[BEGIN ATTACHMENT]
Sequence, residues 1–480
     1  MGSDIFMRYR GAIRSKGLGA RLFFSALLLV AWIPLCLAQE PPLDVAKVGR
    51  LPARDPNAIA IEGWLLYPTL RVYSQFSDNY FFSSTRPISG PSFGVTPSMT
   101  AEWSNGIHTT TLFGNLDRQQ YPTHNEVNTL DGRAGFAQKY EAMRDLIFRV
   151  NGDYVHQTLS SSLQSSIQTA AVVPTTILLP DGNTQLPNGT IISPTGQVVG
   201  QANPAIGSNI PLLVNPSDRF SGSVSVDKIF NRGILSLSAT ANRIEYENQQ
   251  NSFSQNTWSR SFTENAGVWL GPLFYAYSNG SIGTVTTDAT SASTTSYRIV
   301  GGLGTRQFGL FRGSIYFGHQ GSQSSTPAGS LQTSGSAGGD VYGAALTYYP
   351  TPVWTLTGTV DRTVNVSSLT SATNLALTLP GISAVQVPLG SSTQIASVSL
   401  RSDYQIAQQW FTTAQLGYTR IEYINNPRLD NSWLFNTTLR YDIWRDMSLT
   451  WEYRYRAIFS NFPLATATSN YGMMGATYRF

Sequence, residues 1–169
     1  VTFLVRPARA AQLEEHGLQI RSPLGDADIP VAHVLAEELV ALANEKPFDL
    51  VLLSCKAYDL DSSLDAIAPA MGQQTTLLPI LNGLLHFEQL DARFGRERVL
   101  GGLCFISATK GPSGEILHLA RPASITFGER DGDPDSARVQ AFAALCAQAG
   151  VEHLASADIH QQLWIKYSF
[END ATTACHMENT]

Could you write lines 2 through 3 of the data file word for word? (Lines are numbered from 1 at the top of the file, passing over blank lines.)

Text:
     1  MGSDIFMRYR GAIRSKGLGA RLFFSALLLV AWIPLCLAQE PPLDVAKVGR
    51  LPARDPNAIA IEGWLLYPTL RVYSQFSDNY FFSSTRPISG PSFGVTPSMT